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The Washington Monument is one of the most iconic landmarks in the world. People from all around the world flock to the National Mall for the chance to see it in person. But who can blame them? It’s even more inspiring in person than it is in photographs. The centerpiece of the Washington DC skyline and the quintessential backdrop for cherry blossoms in the springtime and fireworks when it comes time to celebrate our independence. So if you are planning on visiting the Nation’s Capitol, here’s your guide to everything you need to know about visiting the Washington Monument:

washington monument, washington dc, sunset, evening, summer, american flags, nw, national park, national mall,

The Washington Monument at sunset

How to get there:

The Washington Monument is conveniently located in the heart of the National Mall.  There are several ways to get there but the official address is:

2 15th St NW
Washington, DC 20024

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After 3 years of repair work, the Washington Monument finally reopened. I was so excited to get back up there, I had only been once before – the last time it reopened. LOL.

So I heard a rumor that it was actually staying open until 9 pm the first week that it was opened. I had to jump on this opportunity as fast as I could because it will be difficult to get sunset views like that ever again. There’s a possibility that it could happen again in November when the sunset is closer to 5 pm (the regular closing time), but to be able to take my time and take images as I please, I wanted to get up there asap.

From now until October 15th, you will have to go in the morning to line up and get tickets at the Monument for the same day. After the 15th, it can be done online. But waking up early in the morning never stood in my way. I arrived around 6:45 am and I was about 20th in line. Luckily, you can request what time you want to go up and so I got it for 6:30 pm.

It was a cloudless day but the sun was still glowing all over the city. Obviously, I spent most of my time in the window facing east. I love this view of the WWII memorial with my long lens. It’s so interesting to see all the people and what they are doing… from above 🙂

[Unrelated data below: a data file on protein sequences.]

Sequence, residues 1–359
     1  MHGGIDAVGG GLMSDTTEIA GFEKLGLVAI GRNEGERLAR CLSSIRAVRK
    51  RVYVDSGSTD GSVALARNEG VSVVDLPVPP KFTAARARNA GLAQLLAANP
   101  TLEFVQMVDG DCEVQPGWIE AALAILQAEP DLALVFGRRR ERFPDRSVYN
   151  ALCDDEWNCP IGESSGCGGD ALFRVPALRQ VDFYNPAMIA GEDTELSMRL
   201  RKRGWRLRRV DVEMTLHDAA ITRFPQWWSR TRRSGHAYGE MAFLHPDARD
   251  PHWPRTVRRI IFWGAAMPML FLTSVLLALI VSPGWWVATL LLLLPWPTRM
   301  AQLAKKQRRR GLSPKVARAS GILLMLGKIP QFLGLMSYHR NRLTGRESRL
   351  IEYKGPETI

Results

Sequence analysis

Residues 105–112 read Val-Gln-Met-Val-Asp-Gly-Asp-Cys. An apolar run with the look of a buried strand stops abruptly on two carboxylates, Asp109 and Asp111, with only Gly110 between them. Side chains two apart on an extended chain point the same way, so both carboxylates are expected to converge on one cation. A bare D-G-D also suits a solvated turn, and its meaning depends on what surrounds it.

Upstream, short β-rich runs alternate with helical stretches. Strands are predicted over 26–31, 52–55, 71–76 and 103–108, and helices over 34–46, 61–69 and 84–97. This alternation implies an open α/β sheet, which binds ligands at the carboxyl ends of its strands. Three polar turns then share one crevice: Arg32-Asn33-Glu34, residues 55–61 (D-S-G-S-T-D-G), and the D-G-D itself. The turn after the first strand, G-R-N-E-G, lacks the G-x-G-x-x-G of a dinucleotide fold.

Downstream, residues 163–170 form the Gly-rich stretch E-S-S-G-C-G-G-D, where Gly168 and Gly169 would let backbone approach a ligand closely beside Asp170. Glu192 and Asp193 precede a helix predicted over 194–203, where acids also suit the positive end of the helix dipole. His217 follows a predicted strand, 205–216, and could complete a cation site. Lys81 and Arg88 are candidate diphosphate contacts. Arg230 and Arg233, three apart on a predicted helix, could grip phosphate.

My camera settings for this image are F10 at 1/40th sec and ISO 640 with my Sony A7II and 70-200mm lens.

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We flew in and out of Portland and hit the ground running. Our first stop upon arrival was donuts, but as soon as we picked up the essentials, we made our way to Cannon Beach. LOL. Just an hour and a half from Portland but by the time we arrived at our hotel, I was exhausted. We spent a little time walking around the beach but it was mostly spent decompressing in our hotel.

So Andrew and I woke up early the next morning (while Frankie continued to sleep in the hotel) and made our way to Ecola State Park. While researching the Oregon trip, this seemed like the place to be to get a great overall view of Cannon Beach and Haystack Rock and it really was. I loved how peaceful it was in the morning and for a little while, we were the only ones there.

If I remember correctly, the tree on the left-hand side was a stand-alone tree and probably one of the biggest ones at the viewpoint. I captured this image while we were walking back to the car. I loved the way the branch was framing Haystack Rock. I’ll be sharing more images from this view soon because it was just so impressive. I just thought this one was an interesting one and slightly different from what you typically see at Ecola State Park.

My camera settings for this image are F10 at 1/320th sec and ISO 500 with my Sony A7II and 70-200mm zoom lens.